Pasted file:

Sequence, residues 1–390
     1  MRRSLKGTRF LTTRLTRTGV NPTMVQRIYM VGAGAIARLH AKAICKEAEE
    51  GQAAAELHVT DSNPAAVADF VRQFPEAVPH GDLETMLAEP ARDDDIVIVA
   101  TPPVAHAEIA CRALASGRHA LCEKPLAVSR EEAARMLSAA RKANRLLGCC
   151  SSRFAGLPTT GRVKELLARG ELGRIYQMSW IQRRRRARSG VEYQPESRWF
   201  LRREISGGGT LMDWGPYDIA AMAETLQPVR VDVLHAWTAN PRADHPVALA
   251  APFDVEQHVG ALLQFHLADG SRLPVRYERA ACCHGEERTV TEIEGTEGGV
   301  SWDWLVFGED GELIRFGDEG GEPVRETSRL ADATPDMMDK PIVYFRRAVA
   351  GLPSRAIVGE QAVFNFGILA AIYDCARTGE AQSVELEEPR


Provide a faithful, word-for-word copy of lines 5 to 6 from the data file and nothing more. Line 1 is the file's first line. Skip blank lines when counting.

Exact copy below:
   151  SSRFAGLPTT GRVKELLARG ELGRIYQMSW IQRRRRARSG VEYQPESRWF
   201  LRREISGGGT LMDWGPYDIA AMAETLQPVR VDVLHAWTAN PRADHPVALA